Comparing University Entomology Outreach Events While Examining Public Views of Arthropods and Pesticides

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Virginia Tech

Hokie BugFest is an annual free event designed by the Entomology Department at Virginia Tech to translate the importance of entomology to the public. The event has grown from 2,000 attendees in 2011 to over 8,000 attendees in 2017. Entomology faculty, staff, graduate students and alumni partner with Virginia Cooperative Extension, Virginia 4-H, and other entities to provide an educational experience to the public. The goal of this outreach event is to showcase entomological research, increase public awareness, elevate the appreciation of entomology, develop better public perceptions of insects and other arthropods, and educate participants about pesticide safety and pest management practices. Although many institutions host entomology outreach events like Hokie BugFest (Frazier, 2002; Hamm and Rayor, 2007; Hvenegaard et al., 2013), little research has been conducted to compare the impact of these activities. Whether these events impact public attitudes toward insects and other arthropods is also lacking (Pitt and Shockley, 2014). Several studies have been conducted in other states to investigate public attitudes toward arthropods and pesticides (Baldwin et al., 2008; Byrne et al., 1984; Frankie and Levenson, 1978; Hahn and Ascerno, 1991; Potter and Bessin, 1998); however, research is missing in Virginia. In order to contribute to this literature, three surveys were developed. One survey focused on investigating entomology outreach events similar to Hokie BugFest. Results revealed that event structure, attendance, funding sources, and popular exhibits impact the hosting institution and the surrounding communities. The other two surveys focused on gauging the impacts Hokie BugFest has on youth and adult attendees. Results indicated the event has a positive impact on attendee perceptions of insects, other arthropods, and pesticides.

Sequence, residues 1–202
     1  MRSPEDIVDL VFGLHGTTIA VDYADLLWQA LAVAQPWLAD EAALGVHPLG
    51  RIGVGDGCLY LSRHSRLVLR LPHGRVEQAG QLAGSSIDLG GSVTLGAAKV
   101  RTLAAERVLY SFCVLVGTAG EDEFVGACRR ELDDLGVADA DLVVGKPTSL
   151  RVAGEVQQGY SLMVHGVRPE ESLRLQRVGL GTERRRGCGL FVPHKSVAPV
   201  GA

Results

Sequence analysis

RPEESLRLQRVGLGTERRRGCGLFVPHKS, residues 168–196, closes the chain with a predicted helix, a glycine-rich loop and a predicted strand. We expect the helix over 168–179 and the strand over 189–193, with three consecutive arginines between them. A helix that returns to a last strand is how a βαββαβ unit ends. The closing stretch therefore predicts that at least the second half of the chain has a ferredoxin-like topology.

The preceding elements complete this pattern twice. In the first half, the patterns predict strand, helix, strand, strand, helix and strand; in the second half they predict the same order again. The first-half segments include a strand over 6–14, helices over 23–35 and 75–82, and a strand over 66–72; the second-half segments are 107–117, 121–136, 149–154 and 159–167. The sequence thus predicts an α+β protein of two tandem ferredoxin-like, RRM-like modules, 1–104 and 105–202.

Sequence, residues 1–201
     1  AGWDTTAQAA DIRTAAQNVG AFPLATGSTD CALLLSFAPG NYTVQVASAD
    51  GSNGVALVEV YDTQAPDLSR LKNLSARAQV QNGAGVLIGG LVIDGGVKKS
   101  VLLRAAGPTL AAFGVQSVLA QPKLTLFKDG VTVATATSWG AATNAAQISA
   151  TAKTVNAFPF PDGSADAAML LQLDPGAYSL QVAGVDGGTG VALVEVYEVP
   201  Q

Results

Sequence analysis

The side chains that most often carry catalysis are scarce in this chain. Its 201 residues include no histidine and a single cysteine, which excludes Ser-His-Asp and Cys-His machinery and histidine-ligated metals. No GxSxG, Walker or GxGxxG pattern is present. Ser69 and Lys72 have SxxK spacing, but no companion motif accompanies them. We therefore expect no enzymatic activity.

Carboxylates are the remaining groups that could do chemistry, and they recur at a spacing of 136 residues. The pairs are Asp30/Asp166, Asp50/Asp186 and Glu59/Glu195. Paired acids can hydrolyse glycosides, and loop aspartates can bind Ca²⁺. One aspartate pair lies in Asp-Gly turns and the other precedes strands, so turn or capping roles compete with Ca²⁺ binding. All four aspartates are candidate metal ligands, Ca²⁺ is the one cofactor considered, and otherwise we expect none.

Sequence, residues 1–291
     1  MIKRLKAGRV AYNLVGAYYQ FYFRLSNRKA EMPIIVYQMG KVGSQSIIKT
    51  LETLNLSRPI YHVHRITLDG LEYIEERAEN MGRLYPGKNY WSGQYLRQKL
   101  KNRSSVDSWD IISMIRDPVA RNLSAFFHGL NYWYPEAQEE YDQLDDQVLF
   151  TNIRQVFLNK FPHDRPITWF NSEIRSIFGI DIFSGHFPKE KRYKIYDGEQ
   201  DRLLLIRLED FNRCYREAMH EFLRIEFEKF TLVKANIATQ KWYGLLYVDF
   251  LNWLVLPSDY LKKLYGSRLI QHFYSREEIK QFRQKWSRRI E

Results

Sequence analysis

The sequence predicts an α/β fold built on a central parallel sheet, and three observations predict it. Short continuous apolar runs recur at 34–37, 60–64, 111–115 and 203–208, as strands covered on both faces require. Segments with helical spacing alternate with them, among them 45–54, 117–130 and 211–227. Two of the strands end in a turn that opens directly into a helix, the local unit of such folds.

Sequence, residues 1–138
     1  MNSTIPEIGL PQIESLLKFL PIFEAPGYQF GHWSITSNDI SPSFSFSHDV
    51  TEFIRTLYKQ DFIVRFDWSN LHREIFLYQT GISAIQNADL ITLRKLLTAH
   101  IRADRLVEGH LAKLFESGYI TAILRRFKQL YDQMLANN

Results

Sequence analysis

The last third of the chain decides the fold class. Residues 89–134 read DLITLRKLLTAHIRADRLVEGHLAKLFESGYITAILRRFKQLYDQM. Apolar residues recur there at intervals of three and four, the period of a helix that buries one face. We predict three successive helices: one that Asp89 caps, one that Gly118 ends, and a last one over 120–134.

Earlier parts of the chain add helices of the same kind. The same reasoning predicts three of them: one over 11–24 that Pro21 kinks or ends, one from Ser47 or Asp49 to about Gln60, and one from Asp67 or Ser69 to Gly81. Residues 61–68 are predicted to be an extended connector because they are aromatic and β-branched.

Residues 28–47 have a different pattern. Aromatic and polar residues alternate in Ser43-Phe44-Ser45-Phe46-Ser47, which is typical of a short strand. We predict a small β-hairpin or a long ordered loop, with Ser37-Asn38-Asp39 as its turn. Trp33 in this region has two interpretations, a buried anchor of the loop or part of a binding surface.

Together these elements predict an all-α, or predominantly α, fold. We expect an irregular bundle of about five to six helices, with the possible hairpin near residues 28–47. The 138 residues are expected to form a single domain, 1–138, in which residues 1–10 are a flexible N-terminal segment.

Hokie BugFest, insect festivals, entomology, university outreach, public views, arthropods, pesticides